You are on page 1of 8

NCERT Solutions for Class 9th: Ch 2 Is Matter Around Us Pure Science

In Text Questions
Page No: 15
1. What is meant by a pure substance?
Answer
A pure substance consists of single type of particles that is all the constituent particles of a
pure substance have same chemical nature.
2. List the points of differences between homogeneous and heterogeneous mixtures.
Answer
Homogeneous mixtures

Heterogeneous mixtures

Homogeneous mixtures have uniform


composition.

Heterogeneous mixtures have non uniform


composition.

It has no visible boundaries of separation


between its constituents.

It has visible boundaries of separation


between its constituents.

Page No: 18
1. Differentiate between homogeneous and heterogeneous mixtures with examples.
Answer
A homogeneous mixture is a mixture having a uniform composition throughout the mixture.
For example, mixtures of salt in water, sugar in water, copper sulphate in water, iodine in
alcohol, alloy, and air have uniform compositions throughout the mixtures.
On the other hand, a heterogeneous mixture is a mixture having a non-uniform composition
throughout the mixture. For example, composition of mixtures of sodium chloride and iron
fillings, salt and sulphur, oil and water, chalk powder in water, wheat flour in water, milk and
water are not uniform throughout the mixtures.
2. How are sol, solution and suspension different from each other?
Answer
Sol
They are heterogeneous in

Solution
They are homogeneous in

Suspension
They are heterogeneous in

nature.

nature.

nature.

They scatter a beam of


light and hence show
Tyndall effect.

They do not scatter a beam of


light and hence do not show
Tyndall effect

They do not scatter a beam of


light and hence do not show
Tyndall effect.

They are quite stable.

Examples of solution are: salt


in water, sugar in water.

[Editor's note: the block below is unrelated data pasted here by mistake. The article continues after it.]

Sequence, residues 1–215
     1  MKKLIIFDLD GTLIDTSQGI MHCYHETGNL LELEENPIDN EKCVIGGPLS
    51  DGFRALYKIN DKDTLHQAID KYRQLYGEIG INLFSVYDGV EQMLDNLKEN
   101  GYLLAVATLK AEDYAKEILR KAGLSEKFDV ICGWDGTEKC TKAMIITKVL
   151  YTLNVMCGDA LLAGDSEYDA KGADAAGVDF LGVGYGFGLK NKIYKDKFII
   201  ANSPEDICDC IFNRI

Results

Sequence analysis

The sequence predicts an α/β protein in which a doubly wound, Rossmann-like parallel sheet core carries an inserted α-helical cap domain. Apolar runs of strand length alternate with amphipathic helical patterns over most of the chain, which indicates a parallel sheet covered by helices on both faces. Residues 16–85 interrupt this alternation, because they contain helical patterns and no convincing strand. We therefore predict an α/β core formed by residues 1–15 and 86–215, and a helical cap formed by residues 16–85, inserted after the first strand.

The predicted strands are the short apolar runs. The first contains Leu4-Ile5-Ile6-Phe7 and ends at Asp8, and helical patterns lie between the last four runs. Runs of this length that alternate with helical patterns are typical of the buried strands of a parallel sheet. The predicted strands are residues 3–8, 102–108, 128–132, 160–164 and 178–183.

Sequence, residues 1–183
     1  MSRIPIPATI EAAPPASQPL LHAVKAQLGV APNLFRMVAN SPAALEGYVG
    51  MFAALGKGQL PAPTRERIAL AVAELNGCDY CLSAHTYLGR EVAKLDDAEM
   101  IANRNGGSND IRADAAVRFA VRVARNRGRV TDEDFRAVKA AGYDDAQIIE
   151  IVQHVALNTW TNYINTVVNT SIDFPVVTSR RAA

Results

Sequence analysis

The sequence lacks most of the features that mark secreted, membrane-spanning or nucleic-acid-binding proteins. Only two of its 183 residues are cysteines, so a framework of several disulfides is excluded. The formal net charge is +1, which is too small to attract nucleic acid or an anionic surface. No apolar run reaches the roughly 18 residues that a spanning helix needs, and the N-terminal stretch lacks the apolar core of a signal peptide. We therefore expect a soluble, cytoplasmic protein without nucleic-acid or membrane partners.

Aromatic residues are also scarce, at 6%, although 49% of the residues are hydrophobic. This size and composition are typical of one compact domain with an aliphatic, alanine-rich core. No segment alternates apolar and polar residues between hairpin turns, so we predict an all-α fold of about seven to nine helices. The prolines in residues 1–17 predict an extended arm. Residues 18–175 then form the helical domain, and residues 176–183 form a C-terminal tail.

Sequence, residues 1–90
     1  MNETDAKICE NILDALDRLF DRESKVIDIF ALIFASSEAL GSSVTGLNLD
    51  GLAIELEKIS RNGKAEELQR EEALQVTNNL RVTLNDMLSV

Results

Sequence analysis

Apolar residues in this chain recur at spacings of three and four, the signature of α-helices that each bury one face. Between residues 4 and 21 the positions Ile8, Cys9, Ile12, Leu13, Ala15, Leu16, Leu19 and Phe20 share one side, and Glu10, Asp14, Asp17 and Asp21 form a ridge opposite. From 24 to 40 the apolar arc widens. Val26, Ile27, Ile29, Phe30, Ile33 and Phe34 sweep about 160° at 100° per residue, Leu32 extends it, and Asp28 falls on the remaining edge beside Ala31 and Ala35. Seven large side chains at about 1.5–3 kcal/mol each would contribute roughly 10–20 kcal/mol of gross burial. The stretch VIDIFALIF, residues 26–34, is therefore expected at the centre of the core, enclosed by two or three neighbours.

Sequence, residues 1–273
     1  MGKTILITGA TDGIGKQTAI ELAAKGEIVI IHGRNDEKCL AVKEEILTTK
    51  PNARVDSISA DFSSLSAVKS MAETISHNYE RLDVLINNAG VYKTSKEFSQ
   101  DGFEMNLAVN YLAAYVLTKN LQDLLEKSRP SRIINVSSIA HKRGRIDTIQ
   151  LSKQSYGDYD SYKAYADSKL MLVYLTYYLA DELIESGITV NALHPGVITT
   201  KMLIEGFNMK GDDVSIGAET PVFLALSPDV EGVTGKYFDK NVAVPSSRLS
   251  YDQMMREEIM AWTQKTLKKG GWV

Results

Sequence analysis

Examples of suspension are:


sand in water, dusty air

3. To make a saturated solution, 36 g of sodium chloride is dissolved in 100 g of water at 293


K. Find its concentration at this temperature.
Answer
Mass of solute (sodium chloride) = 36 g (Given)
Mass of solvent (water) = 100 g (Given)
Then, mass of solution = Mass of solute + Mass of solvent
= (36 + 100) g
= 136 g

Page No: 24
1. How will you separate a mixture containing kerosene and petrol (difference in their boiling
points is more than 25C), which are miscible with each other?
Answer
Kerosene and petrol are miscible liquids also the difference between their boiling point is
more than 25 C so they can be separated by the method of distillation.

In this method, the mixture of kerosene and petrol is taken in a distillation flask with a
thermometer fitted in it. We also need a beaker, a water condenser, and a Bunsen burner. The
apparatus is arranged as shown in the above figure. Then, the mixture is heated slowly. The
thermometer should be watched simultaneously. Kerosene will vaporize and condense in the
water condenser. The condensed kerosene is collected from the condenser outlet, whereas
petrol is left behind in the distillation flask.
2. Name the technique to separate
(i) butter from curd
By Centrifugation
(ii) salt from sea-water
By Evaporation
(iii) camphor from salt
By Sublimation
3. What type of mixtures is separated by the technique of crystallization?
Answer
The crystallisation method is used to purify solids.
1. Classify the following as chemical or physical changes:
Cutting of trees
Physical change
Melting of butter in a pan
Physical change
Rusting of almirah
Chemical change
Boiling of water to form steam
Physical change

Passing of electric current through water, and water breaking down into hydrogen and
oxygen gas
Chemical change
Dissolving common salt in water
Physical change
Making a fruit salad with raw fruits
Physical change
Burning of paper and wood
Chemical change
Page No: 28
Excercises
1. Which separation techniques will you apply for the separation of the following?
(a) Sodium chloride from its solution in water.
Evaporation
(b) Ammonium chloride from a mixture containing sodium chloride and ammonium chloride.
Sublimation
(c) Small pieces of metal in the engine oil of a car.
Filtration or Centrifugation or decantation
(d) Different pigments from an extract of flower petals.
Chromatography
(e) Butter from curd.
Centrifugation
(f) Oil from water.
Using separating funnel
(g) Tea leaves from tea.
Filtration
(h) Iron pins from sand.
Magnetic separation
(i) Wheat grains from husk.
Winnowing
(j) Fine mud particles suspended in water.
Centrifugation

2. Write the steps you would use for making tea. Use the words: solution, solvent, solute,
dissolve, soluble, insoluble, filtrate and residue.
Answer
First, water is taken as a solvent in a saucer pan. This water (solvent) is allowed to boil.
During heating, milk and tea leaves are added to the solvent as solutes. They form a solution.